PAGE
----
Dengue Fever is a common and at times severe virus infection transmitted by mosquitoes. There were 98,000 cases of dengue in Thailand in 2019, along with 100 deaths, and yet 3 out of every 4 infections are thought to give no symptoms at all.
Like most viral illnesses there is no cure and hospital treatment for severe cases consists of supportive care, maintaining vital systems so that the patient has chance to fight off the infection themselves.
The symptoms of dengue begin a few days after a mosquito bite. Typically, there’s a sudden fever, pain behind the eyes, headache and severe body aches (so bad that in earlier times dengue was known as ‘break bone fever’). In extreme cases there may be bleeding from the eyes, nose and mouth, explaining dengue’s Thai name of ‘khai leuat ork’ (fever blood out).
The Aedes mosquito that transmits dengue has white stripes and is easy to recognise but not so easy to avoid. This mosquito bites in the daytime as well as at night and can transmit other similar viruses like Zika, chikungunya and yellow fever virus.
There are 4 distinct strains of dengue virus and the interaction between them and the human immune defence system is key to why vaccination can be dangerous.
Infection with a dengue virus results in long-term immunity to that strain. For a year or two there is cross-over immunity to the other strains also, but this protection is lost as the antibody levels fall, making it possible to catch dengue again. The strains can be caught in any order, with the second infection usually much worse than the first, third or fourth (whichever strain causes it).
This happens because antibody levels from the first infection pass through a ‘danger zone’ as they fall from high to low levels over time. If the second virus comes along when antibodies are in the danger zone then the immune response goes into overdrive, generating an excessive, harmful and sometimes fatal reaction. Levels above or below the danger zone are safe.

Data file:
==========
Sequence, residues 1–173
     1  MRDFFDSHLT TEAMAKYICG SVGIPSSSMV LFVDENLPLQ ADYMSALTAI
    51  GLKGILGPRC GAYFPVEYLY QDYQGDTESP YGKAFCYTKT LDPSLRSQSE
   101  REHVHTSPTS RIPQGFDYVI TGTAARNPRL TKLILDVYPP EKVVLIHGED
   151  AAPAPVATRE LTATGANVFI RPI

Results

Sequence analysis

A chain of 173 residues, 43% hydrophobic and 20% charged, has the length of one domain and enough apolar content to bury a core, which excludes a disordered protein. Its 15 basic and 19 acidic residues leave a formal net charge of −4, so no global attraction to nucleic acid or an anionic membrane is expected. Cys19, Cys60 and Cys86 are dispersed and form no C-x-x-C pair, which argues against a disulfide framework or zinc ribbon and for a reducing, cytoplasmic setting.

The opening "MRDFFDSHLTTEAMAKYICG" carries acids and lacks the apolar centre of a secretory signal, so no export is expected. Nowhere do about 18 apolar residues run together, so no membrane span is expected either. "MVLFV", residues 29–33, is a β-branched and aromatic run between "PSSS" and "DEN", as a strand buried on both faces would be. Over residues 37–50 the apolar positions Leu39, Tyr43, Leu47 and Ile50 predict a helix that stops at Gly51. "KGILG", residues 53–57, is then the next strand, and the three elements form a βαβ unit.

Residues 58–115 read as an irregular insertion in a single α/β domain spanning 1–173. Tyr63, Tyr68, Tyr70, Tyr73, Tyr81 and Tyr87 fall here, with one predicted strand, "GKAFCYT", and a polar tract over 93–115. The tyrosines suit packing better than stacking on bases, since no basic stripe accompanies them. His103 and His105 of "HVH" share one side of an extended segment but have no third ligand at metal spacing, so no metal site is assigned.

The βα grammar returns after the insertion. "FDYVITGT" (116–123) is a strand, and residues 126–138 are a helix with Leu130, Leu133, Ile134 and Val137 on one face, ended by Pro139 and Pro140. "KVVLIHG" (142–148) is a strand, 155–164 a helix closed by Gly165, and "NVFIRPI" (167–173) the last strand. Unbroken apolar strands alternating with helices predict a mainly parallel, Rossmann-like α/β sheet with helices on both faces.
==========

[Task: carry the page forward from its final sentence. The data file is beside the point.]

This is why we don’t recommend the dengue vaccine – if you’ve never had a dengue infection and you take the vaccine then you will make a high level of antibodies, the same as happens with a first dengue infection. As those antibody levels fall you will for a while be at a much higher risk for severe and possibly fatal dengue than if you’d never been vaccinated at all.
Checking for antibodies before giving the vaccine would avoid this problem but the antibody test for dengue is not reliable and there are false positive results from antibodies to similar viruses (chikungunya, yellow fever and Zika).
In the absence of a safe vaccination program, the best way to protect yourself against dengue is to eliminate mosquito breeding sites around the home, ie remove or drain anything that may collect small pools of water during the rainy season. We also recommend wearing long sleeves, long trousers and to use insect repellant, even during the daytime in the rainy season.
Update (31 Aug 2020)
An interesting approach to lessen community exposure to the dengue virus has recently shown great promise. It’s a form of biological control whereby Aedes mosquitos are deliberately infected with a bacterium (called Wolbachia) and then released into the wild.
This bacterium not only does no harm to the mosquito but actually infers a survival advantage to her compared to other, non-infected mosquitos. The second part of this ‘two-card trick’ is that the Wolbachia bacterium is passed into the mosquito’s eggs and so all future generations of mosquitos will carry the bacterium also.
The benefit to humans is that a mosquito that has the Wolbachia bacterium is no longer able to carry the dengue virus (mechanism unknown). A targeted release of mosquitos with Wolbachia results in the gradual replacement of mosquitos that can carry dengue virus with mosquitos that cannot.
Success of this strategy has been recently reported in Indonesia – where releasing infected mosquitos resulted in a 77% fall in dengue cases – and previously in North Queensland, Australia, where dengue fever was eliminated.
It’s always possible that the dengue virus or the mosquitos themselves will one day mutate to negate the effect of Wolbachia but, at least for the time being, this approach appears to be an effective way of suppressing the risk of dengue infection. We’re not currently aware of any plan to implement this approach in Thailand, however.